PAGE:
Sneakers with a Statement: Hip-Hop Culture and the Elements of Sneaker Design


In terms of its influence on urban style, sneakers widely became the ultimate status symbol…

Sneakers are the most sought after fashion trend in the world. But why? What is it about “kicks” that make them so prominent amongst the youth? Well, most of its popularity can be attributed to the global phenomenon known as Hip-Hop culture. Beyond it being a culture that stems from the artistic expressions of inner-city youth, it has also become a multi-billion dollar industry that has influenced, or at least played a part in, almost every facet of society. In terms of its influence on urban style, sneakers widely became the ultimate status symbol, particularly because of the Adidas brand. They were the perfect shoes for b-boys due to their comfort and color variations. They became even more popular in 1986 due to the promotion of the brand by Run DMC when they stated:

“My Adidas/walked through concert doors/ and roamed all over coliseum floors/ I stepped on stage, at Live Aid/ All the people gave and the poor got paid/ And out of speakers I did speak/ I wore my sneakers but I’m not a sneak/ My Adidas cuts the sand of a foreign land/With a mic in hand I cold took command”

In the article, “Three Brothers with Three Stripes: RUN-DMC and Adidas,” it states:

“Enter Run, Jam-Master Jay and DMC. Their signature street style, a staunch mix of denim, Adidas tracksuit tops, Kangols, fedoras, heavy framed glasses, and of course Adidas Superstars (worn in true prison-style without laces) was a powerfully simple statement that recast the template.”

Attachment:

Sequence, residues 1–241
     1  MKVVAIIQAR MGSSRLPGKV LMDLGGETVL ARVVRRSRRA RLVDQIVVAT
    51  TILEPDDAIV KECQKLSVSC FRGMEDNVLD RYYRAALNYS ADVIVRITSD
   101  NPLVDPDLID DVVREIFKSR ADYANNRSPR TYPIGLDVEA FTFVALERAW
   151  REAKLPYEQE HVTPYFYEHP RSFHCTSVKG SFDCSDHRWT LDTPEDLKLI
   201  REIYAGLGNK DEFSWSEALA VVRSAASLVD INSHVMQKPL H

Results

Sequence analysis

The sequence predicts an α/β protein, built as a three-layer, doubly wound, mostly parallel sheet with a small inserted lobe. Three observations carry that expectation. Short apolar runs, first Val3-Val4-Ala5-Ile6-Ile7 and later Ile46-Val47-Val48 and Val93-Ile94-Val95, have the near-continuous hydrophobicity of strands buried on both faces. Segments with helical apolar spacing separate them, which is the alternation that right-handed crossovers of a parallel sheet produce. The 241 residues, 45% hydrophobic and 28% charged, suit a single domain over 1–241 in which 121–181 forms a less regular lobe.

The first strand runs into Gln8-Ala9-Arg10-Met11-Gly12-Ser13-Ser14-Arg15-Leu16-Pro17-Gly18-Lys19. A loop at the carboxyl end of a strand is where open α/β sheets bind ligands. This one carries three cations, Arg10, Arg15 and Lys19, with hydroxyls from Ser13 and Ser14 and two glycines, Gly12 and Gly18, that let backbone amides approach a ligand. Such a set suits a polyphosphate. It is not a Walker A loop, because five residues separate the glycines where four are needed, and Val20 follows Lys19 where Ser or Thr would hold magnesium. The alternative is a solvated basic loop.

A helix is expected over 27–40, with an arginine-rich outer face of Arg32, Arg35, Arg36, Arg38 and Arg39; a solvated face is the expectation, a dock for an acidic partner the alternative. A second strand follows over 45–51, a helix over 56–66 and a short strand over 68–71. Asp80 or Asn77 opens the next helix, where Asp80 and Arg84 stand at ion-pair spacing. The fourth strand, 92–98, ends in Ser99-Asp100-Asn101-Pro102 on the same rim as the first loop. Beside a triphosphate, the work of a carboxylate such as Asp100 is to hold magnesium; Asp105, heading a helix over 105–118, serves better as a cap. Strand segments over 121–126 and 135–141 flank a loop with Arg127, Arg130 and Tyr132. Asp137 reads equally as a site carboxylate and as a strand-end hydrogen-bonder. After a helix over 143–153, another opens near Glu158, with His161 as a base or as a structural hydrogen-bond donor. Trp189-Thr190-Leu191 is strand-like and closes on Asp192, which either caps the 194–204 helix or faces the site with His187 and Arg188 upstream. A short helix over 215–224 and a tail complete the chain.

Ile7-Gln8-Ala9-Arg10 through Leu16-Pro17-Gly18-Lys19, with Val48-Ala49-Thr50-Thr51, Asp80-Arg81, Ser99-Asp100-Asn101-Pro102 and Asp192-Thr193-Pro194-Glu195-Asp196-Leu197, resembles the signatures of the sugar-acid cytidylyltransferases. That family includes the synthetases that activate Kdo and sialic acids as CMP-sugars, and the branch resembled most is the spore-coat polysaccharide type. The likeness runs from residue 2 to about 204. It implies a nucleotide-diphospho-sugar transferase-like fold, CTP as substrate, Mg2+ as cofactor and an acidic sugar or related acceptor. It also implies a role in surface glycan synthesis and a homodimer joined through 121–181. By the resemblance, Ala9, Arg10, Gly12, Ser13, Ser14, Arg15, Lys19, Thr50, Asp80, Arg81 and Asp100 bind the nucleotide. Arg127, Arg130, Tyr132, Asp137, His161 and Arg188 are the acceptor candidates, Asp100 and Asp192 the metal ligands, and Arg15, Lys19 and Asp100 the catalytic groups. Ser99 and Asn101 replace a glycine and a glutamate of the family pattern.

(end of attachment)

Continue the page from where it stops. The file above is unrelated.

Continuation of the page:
The relationship between Hip-Hop and shoe brands would eventually spark a sub-culture, known as the “Sneakerheads.”

The Superstars became a fashion statement that represented the streets and its direct influence from the prison system. Inmates in prison were not allowed to wear shoe laces due to the probability of using them for harmful purposes. As a result, when inmates returned to their respective communities, they continued to wear their sneakers without shoe laces. RUN DMC wanted to shy away from looking like superstars and more like the ordinary people the community would see on a daily basis. Their fashion statement would eventually gain the attention of executives at Adidas. The website Sneaker Freaker mentions “while performing the track ‘My Adidas’ to a packed crowd at Madison Square Garden in NYC, they asked the crowd to hold up their sneakers. Thousands of Adidas Superstar sneakers were raised in unison. An Adidas employee in the crowd informed the company and the subsequent million dollar deal marked a new era of corporate affiliation with hip hop music.” The relationship between Hip-Hop and shoe brands would eventually spark a sub-culture, known as the “Sneakerheads.”

The Elements of Design

Each element in a sneaker design can serve a purpose. For instance, lines can stress a word or phrase, the use of color can generate emotions, shapes can be used to attract attention, value (lightness or darkness) can be used for emphasis, size can attract attention, texture can create visual interest, and space can be used to define importance or group information. The use of color can be depicted by one particular shoe that would literally change the shoe game forever, Nike’s Air Jordan 1s.